• Hume’s theory of how we get thoughts ( from copying them from feelings ) is a theory of how we get constructs ) • Locke and Hume both have somewhat different versions of how we get thoughts with which we can believe • We start with experiences of the physical universe which we get from sense informations and experiences of our head • For Locke. this gives us thoughts once we employ our memory to reflect on these experiences • Harmonizing to Locke. this makes it sound that the remembered experiences are the thoughts with which we think • Hume corrects this. and says that we remember and think with the transcripts of the centripetal feelings.

Simple and complex constructs • A complex thought is merely an thought made up of several different thoughts. e. g. a complex thought ( a Canis familiaris ) is made up of simple thoughts like form. coloring material and odor. • This complex thought has a complex feeling • We can therefore signifier complex thoughts by abstraction. • As an expostulation. rationalism raises the inquiry of where make non-empirical thoughts come from? • Empiricism is appealing. as we seem to intuitively swear our senses and it easy replies such inquiries. • However. there are complex thoughts that correspond to nil from our sense experience. e. g. unicorns or God. • So do all thoughts derive from sense experience?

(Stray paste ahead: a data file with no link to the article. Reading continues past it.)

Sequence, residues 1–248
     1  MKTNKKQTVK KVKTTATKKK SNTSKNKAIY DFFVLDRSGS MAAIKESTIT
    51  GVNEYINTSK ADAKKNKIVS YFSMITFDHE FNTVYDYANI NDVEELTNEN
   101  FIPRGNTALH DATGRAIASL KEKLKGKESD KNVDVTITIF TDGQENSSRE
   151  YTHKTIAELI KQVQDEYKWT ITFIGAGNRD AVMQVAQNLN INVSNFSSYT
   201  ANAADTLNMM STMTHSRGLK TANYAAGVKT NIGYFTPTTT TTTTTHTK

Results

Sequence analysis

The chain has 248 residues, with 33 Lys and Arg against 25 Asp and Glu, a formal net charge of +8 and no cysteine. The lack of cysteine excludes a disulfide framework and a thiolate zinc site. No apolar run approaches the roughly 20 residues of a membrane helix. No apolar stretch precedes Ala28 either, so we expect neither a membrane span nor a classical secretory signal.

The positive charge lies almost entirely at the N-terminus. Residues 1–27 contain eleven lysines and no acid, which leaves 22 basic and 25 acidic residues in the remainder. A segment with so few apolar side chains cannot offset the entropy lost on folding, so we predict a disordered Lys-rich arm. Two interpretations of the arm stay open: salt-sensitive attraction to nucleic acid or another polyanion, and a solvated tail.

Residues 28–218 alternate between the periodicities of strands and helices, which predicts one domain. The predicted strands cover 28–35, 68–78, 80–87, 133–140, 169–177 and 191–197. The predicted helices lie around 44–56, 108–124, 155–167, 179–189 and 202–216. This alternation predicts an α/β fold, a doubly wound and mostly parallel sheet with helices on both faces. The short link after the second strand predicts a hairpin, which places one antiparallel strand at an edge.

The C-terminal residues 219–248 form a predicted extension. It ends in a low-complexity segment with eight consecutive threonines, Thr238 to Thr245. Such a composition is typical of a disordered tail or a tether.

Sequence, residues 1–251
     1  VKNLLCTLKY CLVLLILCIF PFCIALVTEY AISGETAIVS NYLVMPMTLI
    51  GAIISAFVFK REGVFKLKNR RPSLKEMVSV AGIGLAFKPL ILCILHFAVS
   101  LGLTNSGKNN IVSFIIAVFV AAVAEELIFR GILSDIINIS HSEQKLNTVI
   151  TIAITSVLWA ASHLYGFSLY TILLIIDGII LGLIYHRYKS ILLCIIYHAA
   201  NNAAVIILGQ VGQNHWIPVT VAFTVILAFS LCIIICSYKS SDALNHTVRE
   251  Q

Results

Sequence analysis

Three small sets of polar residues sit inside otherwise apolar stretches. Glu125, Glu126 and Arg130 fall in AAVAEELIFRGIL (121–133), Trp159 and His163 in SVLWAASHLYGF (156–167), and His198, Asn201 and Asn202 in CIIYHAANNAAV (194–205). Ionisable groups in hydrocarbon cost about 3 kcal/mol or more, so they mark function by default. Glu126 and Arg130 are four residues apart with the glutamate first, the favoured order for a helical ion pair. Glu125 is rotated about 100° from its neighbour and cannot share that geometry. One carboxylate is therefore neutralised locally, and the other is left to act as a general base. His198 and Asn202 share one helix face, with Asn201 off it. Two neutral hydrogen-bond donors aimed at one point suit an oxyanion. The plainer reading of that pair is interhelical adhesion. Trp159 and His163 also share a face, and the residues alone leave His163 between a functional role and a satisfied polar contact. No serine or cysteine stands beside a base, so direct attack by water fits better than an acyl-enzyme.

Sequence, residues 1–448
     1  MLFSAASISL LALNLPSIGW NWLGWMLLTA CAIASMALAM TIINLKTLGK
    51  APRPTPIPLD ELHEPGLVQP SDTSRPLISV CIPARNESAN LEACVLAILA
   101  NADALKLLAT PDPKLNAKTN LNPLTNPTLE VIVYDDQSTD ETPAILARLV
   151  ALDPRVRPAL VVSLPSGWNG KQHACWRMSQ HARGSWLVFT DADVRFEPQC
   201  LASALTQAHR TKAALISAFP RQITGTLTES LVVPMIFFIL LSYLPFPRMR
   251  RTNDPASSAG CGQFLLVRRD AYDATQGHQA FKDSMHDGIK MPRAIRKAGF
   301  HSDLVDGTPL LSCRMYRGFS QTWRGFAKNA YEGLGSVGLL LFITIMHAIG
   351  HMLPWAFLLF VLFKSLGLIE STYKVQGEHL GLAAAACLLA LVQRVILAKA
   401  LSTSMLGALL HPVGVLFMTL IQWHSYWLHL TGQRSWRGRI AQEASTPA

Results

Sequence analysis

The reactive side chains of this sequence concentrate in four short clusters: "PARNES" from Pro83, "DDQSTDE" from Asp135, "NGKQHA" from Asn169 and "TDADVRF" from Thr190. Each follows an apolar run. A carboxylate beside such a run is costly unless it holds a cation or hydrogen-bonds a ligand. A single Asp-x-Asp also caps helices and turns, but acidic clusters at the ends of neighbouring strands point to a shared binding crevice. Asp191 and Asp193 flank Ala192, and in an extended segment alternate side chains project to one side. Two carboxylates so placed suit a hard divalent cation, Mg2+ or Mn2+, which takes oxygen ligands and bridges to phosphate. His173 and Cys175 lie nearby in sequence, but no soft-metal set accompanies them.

• Empiricists argue that these complex thoughts are made up from simple thoughts. which are transcripts of feelings ( e. g. a unicorn is the simple constructs of a Equus caballus. a horn. and the color white. and combined together they give us a unicorn ) • Hume and Locke argue that when making complex thoughts. one can merely work with the stuffs that our feelings provide – simple thoughts • Complex thoughts are no more than changing or abstracting these simple thoughts • Therefore. empiricists answer this rationalist expostulation So Are There Innate Concepts?

• What would an empiricists’ analysis of complex constructs like ego. causality. substance. etc. be? • These constructs must either be unconditioned. or reached utilizing a priori logical thinking • Hume accepts that these complex constructs can non be derived from experience • However. he states that each of these constructs has no application • These constructs are confused. and we should ever utilize constructs that can be derived from experience • For illustration. we don’t see our ‘self’ . we experience a altering array of ideas and feelings. • To come up with the thought of ‘self’ . we’ve confused similarity with individuality • We do the same with the thought of a physical object • A physical object exists independently of experience. bing in 3d infinite.

• But can see demo us something that exists independently of experience? • If I look at a desk. look off. and so look back once more. the desk must hold existed when I wasn’t looking at it. • I can’t know that my experience was of the same desk. merely that the experiences are similar • When coming up with the construct of a physical object that exists independently of experience. I confuse similarity with individuality. • Hume concludes that these constructs are incoherent confusions • This can be objected though • This makes most of our common-sense understand and analysis of the universe incorrect – we know that our constructs are consistent.